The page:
Monday, August 15, 2016

When The Fog Lifted

We headed out for a walk at the marsh Sunday afternoon. The fog had burned off, giving us a few hours of beautiful warm sunshine on a calm, blue-sky day.
We didn't take our usual walk. Well actually we did, but in reverse. When were driving in toward the parking lot I had noticed a large group of shorebirds that looked rather photogenic. If we took our usual walk, these birds would have been at the end of the walk. It was unlikely that they would hang around waiting for us to come by in an hour or so to take their photos. So we headed in their direction right away.
There was something about that tall one that caught my attention. It had such a long-billed presence. I just had to zoom in to see who it was. Oh wow! It was a Long-billed Curlew! What a wonderful surprise. We don't see them very often.
When we got home from the walk, I thought I should read a bit about their habitat and life and found this disappointing bit of news:
Long-billed Curlews appear to be declining in eastern parts of their breeding range such as the Great Plains, while they are slightly increasing in some western areas. A 2012 study estimated a North American population of about 140,000 birds. Long-billed Curlew rates a 14 out of 20 on the Continental Concern Score. It is on the 2016 State of North America's Birds Watch List, which lists species most in danger of extinction without significant conservation actions to reverse declines and reduce threats. The species was much more numerous in the nineteenth century, but numbers fell in response to hunting and conversion of their grassland breeding habitat to agriculture and housing. This is thought to be one reason why Long-billed Curlews are now scarce in winter along the Atlantic coast. The major continuing threat to Long-billed Curlews is habitat loss owing both to development and projected effects of climate change. For example, more than 75% of Canadian native grasslands are gone, and wintering habitat in California wetlands has declined by 90%. Pesticide spraying may harm curlews indirectly by reducing the birds' food supplies, particularly grasshoppers. According to NatureServe, breeding populations are of particular concern in Arizona and Kansas.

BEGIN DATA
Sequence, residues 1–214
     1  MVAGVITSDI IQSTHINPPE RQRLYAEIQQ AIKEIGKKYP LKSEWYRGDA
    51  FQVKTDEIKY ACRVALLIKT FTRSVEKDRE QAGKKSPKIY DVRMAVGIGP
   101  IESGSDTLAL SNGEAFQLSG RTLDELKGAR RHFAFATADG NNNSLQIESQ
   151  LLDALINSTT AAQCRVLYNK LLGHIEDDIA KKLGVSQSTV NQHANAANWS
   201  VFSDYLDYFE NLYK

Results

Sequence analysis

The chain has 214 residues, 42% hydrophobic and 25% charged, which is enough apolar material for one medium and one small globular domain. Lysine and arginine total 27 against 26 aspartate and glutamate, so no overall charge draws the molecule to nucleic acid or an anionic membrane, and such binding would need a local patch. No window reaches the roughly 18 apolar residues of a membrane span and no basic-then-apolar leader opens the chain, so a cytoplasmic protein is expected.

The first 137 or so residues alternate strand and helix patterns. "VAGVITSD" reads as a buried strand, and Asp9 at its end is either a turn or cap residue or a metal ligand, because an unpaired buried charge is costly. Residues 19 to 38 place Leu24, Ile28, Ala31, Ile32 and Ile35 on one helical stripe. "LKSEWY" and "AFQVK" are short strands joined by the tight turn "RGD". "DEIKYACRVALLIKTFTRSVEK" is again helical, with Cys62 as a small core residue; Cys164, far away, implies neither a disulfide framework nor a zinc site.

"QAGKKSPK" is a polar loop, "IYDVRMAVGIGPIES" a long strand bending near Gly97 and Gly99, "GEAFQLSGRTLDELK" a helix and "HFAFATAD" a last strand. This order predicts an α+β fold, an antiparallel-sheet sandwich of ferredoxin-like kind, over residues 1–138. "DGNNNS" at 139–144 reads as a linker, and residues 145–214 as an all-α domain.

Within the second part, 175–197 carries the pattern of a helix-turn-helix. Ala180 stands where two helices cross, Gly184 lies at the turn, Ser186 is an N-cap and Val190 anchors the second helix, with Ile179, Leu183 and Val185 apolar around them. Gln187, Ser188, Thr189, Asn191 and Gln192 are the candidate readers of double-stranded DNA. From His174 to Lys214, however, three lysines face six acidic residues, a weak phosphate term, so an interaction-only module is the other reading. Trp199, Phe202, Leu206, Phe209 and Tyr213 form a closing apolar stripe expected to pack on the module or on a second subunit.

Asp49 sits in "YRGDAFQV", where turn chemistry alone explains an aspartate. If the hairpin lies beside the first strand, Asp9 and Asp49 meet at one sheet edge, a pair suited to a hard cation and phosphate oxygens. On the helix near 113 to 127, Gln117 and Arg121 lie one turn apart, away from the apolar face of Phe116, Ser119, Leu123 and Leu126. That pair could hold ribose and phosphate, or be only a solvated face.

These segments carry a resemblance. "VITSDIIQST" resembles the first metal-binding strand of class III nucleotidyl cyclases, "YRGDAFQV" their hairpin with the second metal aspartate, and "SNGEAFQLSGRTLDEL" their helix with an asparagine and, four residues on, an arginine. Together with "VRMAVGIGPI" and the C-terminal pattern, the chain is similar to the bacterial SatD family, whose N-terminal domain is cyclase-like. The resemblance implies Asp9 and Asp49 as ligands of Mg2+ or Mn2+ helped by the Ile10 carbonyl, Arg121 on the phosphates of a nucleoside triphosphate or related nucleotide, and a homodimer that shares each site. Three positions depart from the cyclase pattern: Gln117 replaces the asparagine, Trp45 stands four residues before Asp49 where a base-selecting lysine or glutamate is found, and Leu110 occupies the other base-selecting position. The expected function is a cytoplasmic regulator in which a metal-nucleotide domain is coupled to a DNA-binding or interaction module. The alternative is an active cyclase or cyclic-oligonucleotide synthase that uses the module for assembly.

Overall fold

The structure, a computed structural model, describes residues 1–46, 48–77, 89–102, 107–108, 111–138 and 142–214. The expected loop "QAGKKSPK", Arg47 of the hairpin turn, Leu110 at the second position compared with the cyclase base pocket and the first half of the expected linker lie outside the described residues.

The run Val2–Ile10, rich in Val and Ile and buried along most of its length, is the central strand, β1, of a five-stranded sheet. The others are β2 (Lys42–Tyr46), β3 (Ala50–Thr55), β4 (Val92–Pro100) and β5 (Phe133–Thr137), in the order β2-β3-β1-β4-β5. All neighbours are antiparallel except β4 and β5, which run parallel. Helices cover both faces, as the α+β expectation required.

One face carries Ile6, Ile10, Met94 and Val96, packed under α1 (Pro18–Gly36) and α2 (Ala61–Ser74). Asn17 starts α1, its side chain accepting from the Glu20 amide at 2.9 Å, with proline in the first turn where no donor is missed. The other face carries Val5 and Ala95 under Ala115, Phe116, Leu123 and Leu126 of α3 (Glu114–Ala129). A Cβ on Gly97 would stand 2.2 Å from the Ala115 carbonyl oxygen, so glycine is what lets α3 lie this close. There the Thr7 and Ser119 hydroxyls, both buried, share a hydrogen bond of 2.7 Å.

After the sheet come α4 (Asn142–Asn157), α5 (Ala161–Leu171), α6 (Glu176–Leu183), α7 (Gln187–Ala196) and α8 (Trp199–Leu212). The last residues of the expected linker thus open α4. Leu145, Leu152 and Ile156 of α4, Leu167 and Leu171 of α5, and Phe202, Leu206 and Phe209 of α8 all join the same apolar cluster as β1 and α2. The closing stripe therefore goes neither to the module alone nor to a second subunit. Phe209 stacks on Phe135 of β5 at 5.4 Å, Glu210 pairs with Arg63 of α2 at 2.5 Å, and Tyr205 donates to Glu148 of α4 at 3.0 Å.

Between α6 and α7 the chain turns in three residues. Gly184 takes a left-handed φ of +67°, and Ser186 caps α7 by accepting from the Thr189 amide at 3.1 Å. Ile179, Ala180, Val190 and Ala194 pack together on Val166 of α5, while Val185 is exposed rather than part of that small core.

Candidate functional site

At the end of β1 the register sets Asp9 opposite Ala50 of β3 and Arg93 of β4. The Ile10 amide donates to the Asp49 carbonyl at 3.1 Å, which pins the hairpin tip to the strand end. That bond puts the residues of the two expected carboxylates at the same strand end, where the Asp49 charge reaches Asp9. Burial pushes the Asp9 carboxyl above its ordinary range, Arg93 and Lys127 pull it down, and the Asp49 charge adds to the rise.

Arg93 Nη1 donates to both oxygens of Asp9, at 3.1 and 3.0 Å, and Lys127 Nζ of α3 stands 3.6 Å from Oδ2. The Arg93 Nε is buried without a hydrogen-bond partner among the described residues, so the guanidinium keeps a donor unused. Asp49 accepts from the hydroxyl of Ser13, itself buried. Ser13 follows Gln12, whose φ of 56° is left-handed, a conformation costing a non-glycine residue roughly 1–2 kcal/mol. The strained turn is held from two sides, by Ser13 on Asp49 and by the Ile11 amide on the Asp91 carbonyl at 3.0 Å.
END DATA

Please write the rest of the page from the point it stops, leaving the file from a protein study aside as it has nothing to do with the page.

Well, that is not very good news at all. I can't imagine looking at a creature like this and then learning that it is on the list of species in most danger of extinction. I don't even know what to write about this. It's a heartbreak and one that I feel so powerless about.

I was going to post a few more photos of other things we saw at the marsh, but this news made me want to end the post here. Well, I will add, these birds were indeed gone when we passed by on the way out.

14 comments:

  1. May Long-billed Curlews find refuge in Humboldt Bay for a long time to come. Your photo and this post are quite moving. I'm awake again, way before morning. The night sky here is cloudless and bright with stars. I wish I had been awake the night of the Perseids.

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  2. Of all the invasive species, humans are the worst.

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  3. You know I thought that's what they were, nice find for you